Relatives Challenging Unfair Wills in Growing Numbers
- 20% rise in inheritance disputes at leading law firm
- But majority think wills should be exempt from challenge
- Younger generation think passing on inheritance is a ‘moral obligation’ - over 55s disagree
A new survey has revealed some fascinating differences in the way people think about inheritance, with older people determined that their will should be "set in stone"
According to a new survey and analysis from leading law firm Simpson Millar, more than three quarters of people think a will should never be challenged, but it appears belief and action are two very different things with an increasing number of inheritances causing disputes.
In a survey of 1,000 people, asking whether a person’s final wishes set out in a will should be open to legal challenge, 78% of people said no. Yet 12% felt wills that leave nothing to close relatives should be open to a legal challenge. 11% said passing on an inheritance to the next generation was a "moral obligation".
The survey highlighted a marked difference between men and women: 82% of women felt a will should never be challenged, with just 73% of men saying the same. Only 68% of Londoners felt wills should be honoured, compared with 87% in the South East.
Families featuring multiple marriages and children from different relationships are proving a complicated recipe when it comes to deciding who gets what, and the puzzle becomes significantly more challenging when there is a lack of formal legal arrangements in place.
People in the East Midlands felt particularly strongly that Wills that leave nothing to family members should be open to a legal challenge (18%) compared with Yorkshire (8%).
The Head of Wills & Probate at law firm Simpson Millar which carried out the survey says: "We have already seen a rise in bitter courtroom disputes over inheritances – in part caused by complex family structures but increasingly because someone has left behind a will which might seem unfair. Interestingly, the courts are now starting to side with aggrieved relatives."
A lack of reasoning behind controversial decisions set out in wills can open them up to a legal challenge.
Relatives easily turn hostile when they discover they have been left nothing. "The shock of discovering that you have been written out of a will can be quite profound and more people are deciding to challenge the legitimacy of such wills."Our firm has seen a 20% increase in cases of family members wishing to challenge a will since 2005; those that are successful typically implicate wills that are considered unfair and lacking in reasoning."
According to the Simpson Millar survey, 35-44 year olds felt particularly strongly that passing on an inheritance to the next generation was a moral obligation (18%) compared with those over the age of 55 (8%)."Judges often consider it a moral obligation for parents to leave an inheritance to their children unless there is a particularly good reason not to. In cases where the possible recipient is financially dependent on the legacy of the deceased, chances of successfully mounting a legal challenge are especially high."As property values rise, relatives are finding it more worthwhile to argue over an inheritance than during the recession,". Multifaceted family set-ups, involving second and third marriages plus step siblings add further complexity to a potential inheritance – especially if the question of entitlement has not been addressed in time."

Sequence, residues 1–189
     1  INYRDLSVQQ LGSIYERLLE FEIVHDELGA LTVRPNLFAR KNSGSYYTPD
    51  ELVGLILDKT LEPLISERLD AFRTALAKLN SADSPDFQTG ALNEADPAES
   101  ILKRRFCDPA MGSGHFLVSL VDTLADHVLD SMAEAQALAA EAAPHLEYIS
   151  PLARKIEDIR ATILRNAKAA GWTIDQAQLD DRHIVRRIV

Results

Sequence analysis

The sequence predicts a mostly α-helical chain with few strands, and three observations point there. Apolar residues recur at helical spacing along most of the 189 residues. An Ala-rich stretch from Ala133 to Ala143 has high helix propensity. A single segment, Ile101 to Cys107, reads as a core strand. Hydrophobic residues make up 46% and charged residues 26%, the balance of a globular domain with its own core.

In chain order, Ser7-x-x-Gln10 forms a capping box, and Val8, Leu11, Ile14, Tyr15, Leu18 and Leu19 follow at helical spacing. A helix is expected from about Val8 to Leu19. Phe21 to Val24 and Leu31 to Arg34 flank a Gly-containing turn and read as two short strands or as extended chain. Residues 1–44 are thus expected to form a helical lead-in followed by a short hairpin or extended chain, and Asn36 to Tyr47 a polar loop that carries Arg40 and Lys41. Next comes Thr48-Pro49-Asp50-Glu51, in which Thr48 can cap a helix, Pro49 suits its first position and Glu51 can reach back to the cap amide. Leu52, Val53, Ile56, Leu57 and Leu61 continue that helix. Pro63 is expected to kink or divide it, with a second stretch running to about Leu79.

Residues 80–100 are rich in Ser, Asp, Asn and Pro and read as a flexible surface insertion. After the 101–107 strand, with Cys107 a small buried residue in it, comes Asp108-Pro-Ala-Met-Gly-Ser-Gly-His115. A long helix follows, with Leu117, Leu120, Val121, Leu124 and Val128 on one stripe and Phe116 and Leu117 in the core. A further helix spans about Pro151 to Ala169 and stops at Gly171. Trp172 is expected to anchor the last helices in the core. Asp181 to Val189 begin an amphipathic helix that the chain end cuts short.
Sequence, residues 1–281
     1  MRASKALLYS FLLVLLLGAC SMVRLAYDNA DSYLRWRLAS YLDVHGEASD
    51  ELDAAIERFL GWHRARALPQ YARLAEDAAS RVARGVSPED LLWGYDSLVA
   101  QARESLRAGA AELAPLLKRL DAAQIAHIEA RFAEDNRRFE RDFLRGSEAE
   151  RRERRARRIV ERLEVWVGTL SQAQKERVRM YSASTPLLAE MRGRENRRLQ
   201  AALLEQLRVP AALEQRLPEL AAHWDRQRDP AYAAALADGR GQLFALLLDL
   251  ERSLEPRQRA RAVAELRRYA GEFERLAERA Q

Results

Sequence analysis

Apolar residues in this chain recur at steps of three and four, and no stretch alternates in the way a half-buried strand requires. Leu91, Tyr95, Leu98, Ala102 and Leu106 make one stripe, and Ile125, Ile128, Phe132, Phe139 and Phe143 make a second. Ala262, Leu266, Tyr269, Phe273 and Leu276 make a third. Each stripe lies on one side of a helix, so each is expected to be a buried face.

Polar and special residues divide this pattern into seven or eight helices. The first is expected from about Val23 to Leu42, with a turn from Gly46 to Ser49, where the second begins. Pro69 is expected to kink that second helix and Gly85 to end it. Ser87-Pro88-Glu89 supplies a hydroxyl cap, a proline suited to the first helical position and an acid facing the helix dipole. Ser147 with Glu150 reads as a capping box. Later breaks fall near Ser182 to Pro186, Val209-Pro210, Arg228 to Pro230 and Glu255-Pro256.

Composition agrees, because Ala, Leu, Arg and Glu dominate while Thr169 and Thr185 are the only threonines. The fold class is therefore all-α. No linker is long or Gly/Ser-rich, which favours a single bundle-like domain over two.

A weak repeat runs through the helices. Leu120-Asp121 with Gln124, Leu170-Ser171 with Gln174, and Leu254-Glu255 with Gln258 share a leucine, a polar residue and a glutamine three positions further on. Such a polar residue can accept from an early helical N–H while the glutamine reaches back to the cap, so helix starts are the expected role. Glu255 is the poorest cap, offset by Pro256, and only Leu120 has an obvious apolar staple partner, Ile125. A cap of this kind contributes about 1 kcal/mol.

This summer, 54-year old Heather Ilott was awarded £160,000 of her mother’s estate by the court, despite the will leaving it all to three animal charities.
She comments: "A lack of explanation as to why a sole or close relative gets nothing at all leaves it open to a possible legal challenge,". "Family members who have not received a share of an estate at the expense of charity tend to feel especially aggrieved and are prepared to go to court for what they feel they are entitled to.
"The courts are now leaning towards what is considered fair and morally ‘right’ rather than simply interpreting what the will says, so spelling out why significant assets go to a good cause is absolutely essential."According to the Head of Wills & Probate, making sure everyone gets something is often the best route to take. "A Will can be as complex as any family make-up so take advantage of that and make sure everyone gets something – including good causes. Otherwise, the real legacy might just be a bitter legal battle."
QUESTION: Which statement do you agree with the most?
Full Gender Breakdown
|A will is a person's final wishes and should never be challenged||78%||73% ||82%|
|Passing on an inheritance to the next generation is a moral obligation||10%||13% ||9%|
|Wills that leave nothing to family members/close relatives should be open to a legal challenge||12%||14% ||9%|
|East Midlands||East Anglia||London||North East||North West|
|A will is a person's final wishes and should never be challenged||75%||71%||68%||65%||79%|
|Passing on an inheritance to the next generation is a moral obligation||7%||14%||20%||22%||10%|
|Wills that leave nothing to family members/close relatives should be open to a legal challenge||18%||15%||12%||13%||11%|
|South East||South West||Wales||West Midlands||Yorkshire & Humber|
|A will is a person's final wishes and should never be challenged||87%||80%||86%||80%||83%|
|Passing on an inheritance to the next generation is a moral obligation||5%||11%||5%||9%||9%|
|Wills that leave nothing to family members/close relatives should be open to a legal challenge||8%||9%||9%||11%||8%|
|18-24||25-34 ||35-44||45-54 ||55+|
|A will is a person's final wishes and should never be challenged||74%||80% ||74%||80% ||78%|
|Passing on an inheritance to the next generation is a moral obligation||12%||12% ||18%||7% ||8%|
|Wills that leave nothing to family members/close relatives should be open to a legal challenge||14%||8% ||8%||13% ||14%|